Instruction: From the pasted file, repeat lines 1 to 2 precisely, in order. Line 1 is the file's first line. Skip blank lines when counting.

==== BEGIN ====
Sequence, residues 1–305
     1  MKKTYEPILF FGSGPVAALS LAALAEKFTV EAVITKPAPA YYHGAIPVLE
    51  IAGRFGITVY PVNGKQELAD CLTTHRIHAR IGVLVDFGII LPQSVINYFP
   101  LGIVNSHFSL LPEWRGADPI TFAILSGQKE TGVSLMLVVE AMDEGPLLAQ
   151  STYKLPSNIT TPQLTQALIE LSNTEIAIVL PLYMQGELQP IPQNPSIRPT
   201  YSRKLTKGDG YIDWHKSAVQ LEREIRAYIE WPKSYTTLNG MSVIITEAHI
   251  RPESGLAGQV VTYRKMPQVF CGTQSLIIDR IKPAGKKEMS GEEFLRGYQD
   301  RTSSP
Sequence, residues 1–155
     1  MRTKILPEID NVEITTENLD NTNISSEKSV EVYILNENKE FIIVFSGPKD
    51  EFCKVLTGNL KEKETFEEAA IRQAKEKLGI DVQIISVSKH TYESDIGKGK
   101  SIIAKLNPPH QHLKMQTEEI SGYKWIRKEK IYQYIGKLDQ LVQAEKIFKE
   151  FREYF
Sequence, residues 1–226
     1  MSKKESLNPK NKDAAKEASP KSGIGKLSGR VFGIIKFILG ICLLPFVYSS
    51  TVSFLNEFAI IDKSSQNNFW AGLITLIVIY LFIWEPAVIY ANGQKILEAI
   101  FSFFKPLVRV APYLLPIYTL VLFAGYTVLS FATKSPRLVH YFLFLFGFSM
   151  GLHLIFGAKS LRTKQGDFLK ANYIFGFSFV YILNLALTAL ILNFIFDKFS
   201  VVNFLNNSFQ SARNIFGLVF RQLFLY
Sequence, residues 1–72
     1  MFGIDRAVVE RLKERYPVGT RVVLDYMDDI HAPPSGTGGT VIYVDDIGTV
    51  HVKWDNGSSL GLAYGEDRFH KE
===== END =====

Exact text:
Sequence, residues 1–305
     1  MKKTYEPILF FGSGPVAALS LAALAEKFTV EAVITKPAPA YYHGAIPVLE